TW Upsetting Images and Content.
Paloma Salas Jiménez, 33, was found Thursday in a trash-strewn gully in Barranquilla, Atlántico, Colombia, on 16 April 2020. She had been stabbed 20 times.
Her murder was called out as femicide, a hate crime, to terrorize all women by regional advocates. Paloma was the third LGBT person murdered in the region since the COVID-19 lockdown began.
The magnitude of violence used in the crime against Paloma Salas Jiménez, led Wilson Castañeda, director of the LGBT advocacy group Caribe Affirmativo, to believe her murder was done to terrorize LGBT people in the La Chinita neighborhood.
Castañeda told El Heraldo he believes that the attackers intended to do as much damage as possible, sending a clear message that this was a “hate crime.”
“This is a trans woman who had a lot of visibility in the La Chinita sector and for that same reason, she was harassed by the illegal actors who control that territory,” he said.
We are also shocked by the crime of her crime because 20 stab wounds in her body show a clear intention on the part of the perpetrator, not only to kill her, the high level of violence sends a message of rejection of what the victim represents. “Castañeda said.
In 2019, there were 19 homicides of LGBT people in the Colombian Caribbean: 10 gay men, 7 trans women and 2 lesbian women; Of these, 7 were committed in the city of Barranquilla. In the intervening months of 2020, 11 LGBT people have been murdered in the Caribbean: 3 of them in the city of Barranquilla and all during the period of social isolation (March 23, March 31 and April 14) and two, of the three, occurred in the La Chinita neighborhood, according to a press release from Caribe Afirmativo LGBT.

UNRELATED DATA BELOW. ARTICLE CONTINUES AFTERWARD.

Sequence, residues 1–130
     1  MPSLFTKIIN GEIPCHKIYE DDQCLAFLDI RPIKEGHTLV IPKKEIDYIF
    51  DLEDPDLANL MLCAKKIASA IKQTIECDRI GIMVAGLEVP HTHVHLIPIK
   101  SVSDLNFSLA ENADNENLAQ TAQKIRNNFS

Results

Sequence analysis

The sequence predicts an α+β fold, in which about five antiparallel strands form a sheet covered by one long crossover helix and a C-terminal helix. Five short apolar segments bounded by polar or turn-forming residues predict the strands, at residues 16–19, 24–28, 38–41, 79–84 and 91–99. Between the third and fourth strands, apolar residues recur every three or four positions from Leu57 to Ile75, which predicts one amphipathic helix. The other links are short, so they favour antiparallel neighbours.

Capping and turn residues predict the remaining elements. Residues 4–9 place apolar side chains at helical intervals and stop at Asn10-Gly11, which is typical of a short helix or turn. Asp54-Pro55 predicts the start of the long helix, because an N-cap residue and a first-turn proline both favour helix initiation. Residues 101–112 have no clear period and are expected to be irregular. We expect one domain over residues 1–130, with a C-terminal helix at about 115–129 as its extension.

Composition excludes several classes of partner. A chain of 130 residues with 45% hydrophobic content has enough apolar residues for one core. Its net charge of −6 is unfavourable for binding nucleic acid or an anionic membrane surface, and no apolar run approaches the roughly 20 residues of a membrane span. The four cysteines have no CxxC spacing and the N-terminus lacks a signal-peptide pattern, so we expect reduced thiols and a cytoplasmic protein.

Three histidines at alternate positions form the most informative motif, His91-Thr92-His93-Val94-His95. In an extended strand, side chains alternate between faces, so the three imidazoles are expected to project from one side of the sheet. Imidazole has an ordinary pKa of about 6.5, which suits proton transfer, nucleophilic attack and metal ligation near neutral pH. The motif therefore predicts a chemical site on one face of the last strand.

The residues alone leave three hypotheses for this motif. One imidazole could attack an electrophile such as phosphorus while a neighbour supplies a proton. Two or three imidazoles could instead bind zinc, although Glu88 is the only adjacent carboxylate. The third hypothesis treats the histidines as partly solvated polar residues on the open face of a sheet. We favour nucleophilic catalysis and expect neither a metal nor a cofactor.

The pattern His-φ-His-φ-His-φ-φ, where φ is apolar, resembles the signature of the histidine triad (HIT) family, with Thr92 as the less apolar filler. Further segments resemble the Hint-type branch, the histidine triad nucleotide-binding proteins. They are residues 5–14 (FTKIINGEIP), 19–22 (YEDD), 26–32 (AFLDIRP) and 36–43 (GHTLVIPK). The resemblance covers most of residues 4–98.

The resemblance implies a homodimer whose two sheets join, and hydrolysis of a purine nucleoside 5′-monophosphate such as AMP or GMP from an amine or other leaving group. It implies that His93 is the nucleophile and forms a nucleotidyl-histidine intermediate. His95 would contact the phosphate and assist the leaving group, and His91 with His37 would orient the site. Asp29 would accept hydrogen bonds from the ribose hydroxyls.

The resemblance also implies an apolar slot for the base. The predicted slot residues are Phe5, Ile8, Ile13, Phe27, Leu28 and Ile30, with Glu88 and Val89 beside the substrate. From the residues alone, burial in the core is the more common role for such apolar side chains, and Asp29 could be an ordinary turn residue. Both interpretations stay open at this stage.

Faced with this situation, it is necessary to remember that trans women make up one of the most vulnerable populations within the LGBT acronym; the prejudices towards their experience of gender and the visibility that characterizes them, easily positions them against multiple forms of discrimination and abuse as a result of prejudices against their identities, these charges, negatives that are reproduced in family, social and institutional environments and, therefore, on many occasions they are forced to live in conditions of violence, precariousness, inequality, fear and without being able to access the protection that the State should offer them; on the contrary, they end up being victims of discrimination before the authorities or excessive use of police force, persecution and abuse.
The Office of the Prosecutor should have feminicide as a hypothesis and look for the facts that indicate prejudice to verify or discard that hypothesis, remembering that feminicide is applicable when a trans woman is killed due to her gender identity. It is not enough to take legislative measures such as the one that created the criminal type of femicide as an autonomous crime, since Law 1761 of 2015, by establishing this criminal type to favor and guarantee the investigation and punishment of violence against women with motives for gender, also recalled the State’s obligation to work to prevent and eradicate all forms of violence or discrimination, an obligation that arises within the framework of the constitution and international instruments such as the Belém Do Pará Convention.
For all the above, from Caribe Affirmativo, we regret and reject the event that occurred and urge the pertinent authorities to adopt the appropriate measures with the purpose of clarifying the alleged prejudicial motives, and to avoid the repetition of similar cases, which are added to the ranks of judicial impunity, already so full of cases of homicide or femicide by prejudice. Likewise, we remind the media and journalists in general of the obligation to recognize and respect the gender identity of trans people, since not doing so constitutes a grievance towards the dignity of the victim.